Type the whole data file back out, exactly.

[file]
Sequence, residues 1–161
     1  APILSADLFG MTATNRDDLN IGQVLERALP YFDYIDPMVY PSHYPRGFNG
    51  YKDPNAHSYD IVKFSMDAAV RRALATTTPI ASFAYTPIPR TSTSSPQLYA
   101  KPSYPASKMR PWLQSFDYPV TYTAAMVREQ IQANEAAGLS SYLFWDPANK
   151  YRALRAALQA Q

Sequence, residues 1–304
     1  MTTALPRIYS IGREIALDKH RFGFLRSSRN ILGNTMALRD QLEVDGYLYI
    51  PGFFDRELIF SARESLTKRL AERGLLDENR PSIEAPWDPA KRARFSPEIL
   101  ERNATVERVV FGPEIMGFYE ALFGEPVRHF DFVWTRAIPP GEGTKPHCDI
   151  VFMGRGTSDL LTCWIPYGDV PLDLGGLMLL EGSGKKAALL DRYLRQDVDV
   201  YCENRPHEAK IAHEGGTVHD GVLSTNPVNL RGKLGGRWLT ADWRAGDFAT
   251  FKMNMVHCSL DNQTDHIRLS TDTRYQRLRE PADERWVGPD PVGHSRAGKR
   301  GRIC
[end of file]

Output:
Sequence, residues 1–161
     1  APILSADLFG MTATNRDDLN IGQVLERALP YFDYIDPMVY PSHYPRGFNG
    51  YKDPNAHSYD IVKFSMDAAV RRALATTTPI ASFAYTPIPR TSTSSPQLYA
   101  KPSYPASKMR PWLQSFDYPV TYTAAMVREQ IQANEAAGLS SYLFWDPANK
   151  YRALRAALQA Q

Sequence, residues 1–304
     1  MTTALPRIYS IGREIALDKH RFGFLRSSRN ILGNTMALRD QLEVDGYLYI
    51  PGFFDRELIF SARESLTKRL AERGLLDENR PSIEAPWDPA KRARFSPEIL
   101  ERNATVERVV FGPEIMGFYE ALFGEPVRHF DFVWTRAIPP GEGTKPHCDI
   151  VFMGRGTSDL LTCWIPYGDV PLDLGGLMLL EGSGKKAALL DRYLRQDVDV
   201  YCENRPHEAK IAHEGGTVHD GVLSTNPVNL RGKLGGRWLT ADWRAGDFAT
   251  FKMNMVHCSL DNQTDHIRLS TDTRYQRLRE PADERWVGPD PVGHSRAGKR
   301  GRIC